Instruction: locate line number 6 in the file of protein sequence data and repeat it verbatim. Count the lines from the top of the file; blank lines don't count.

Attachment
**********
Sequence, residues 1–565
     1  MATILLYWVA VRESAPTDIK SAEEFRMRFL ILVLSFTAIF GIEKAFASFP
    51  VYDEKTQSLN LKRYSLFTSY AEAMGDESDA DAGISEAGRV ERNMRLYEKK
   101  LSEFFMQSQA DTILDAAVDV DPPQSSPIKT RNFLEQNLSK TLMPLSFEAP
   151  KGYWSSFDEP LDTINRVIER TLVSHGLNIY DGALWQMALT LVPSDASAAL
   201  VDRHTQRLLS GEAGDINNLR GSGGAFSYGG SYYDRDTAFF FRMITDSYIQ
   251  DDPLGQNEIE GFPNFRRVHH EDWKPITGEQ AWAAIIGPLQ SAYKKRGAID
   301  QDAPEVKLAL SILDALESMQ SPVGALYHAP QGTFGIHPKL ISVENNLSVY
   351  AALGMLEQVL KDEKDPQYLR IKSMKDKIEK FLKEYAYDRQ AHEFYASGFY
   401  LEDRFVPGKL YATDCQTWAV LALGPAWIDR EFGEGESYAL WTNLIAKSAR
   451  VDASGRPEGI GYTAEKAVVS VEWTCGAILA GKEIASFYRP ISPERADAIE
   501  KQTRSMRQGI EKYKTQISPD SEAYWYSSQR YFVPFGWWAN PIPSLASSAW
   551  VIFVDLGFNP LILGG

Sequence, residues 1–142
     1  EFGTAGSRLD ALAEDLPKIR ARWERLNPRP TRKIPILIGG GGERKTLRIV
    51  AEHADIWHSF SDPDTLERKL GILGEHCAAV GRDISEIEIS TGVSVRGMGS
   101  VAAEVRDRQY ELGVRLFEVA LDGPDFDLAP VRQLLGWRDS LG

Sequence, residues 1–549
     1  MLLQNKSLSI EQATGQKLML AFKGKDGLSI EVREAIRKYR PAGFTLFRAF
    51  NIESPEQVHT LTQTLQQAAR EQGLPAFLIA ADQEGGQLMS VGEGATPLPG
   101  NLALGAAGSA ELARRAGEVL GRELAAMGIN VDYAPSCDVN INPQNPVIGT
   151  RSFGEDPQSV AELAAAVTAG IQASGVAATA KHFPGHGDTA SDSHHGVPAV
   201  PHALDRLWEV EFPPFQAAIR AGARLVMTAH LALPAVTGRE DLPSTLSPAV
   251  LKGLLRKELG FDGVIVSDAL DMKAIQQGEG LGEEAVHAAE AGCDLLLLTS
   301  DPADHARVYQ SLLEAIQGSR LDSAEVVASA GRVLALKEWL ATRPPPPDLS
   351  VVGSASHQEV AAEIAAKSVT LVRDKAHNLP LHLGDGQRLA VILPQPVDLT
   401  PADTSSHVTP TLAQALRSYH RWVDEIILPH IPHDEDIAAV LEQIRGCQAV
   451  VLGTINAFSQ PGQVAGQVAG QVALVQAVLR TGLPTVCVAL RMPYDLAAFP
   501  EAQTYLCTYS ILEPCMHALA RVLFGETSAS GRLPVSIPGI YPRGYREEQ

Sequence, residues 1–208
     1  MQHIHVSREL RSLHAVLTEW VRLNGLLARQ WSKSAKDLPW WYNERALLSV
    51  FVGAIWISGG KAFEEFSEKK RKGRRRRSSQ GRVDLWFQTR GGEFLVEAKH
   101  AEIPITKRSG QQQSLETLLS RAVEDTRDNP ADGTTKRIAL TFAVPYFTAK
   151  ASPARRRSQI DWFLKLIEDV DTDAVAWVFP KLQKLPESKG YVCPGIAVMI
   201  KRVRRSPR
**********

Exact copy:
   201  VDRHTQRLLS GEAGDINNLR GSGGAFSYGG SYYDRDTAFF FRMITDSYIQ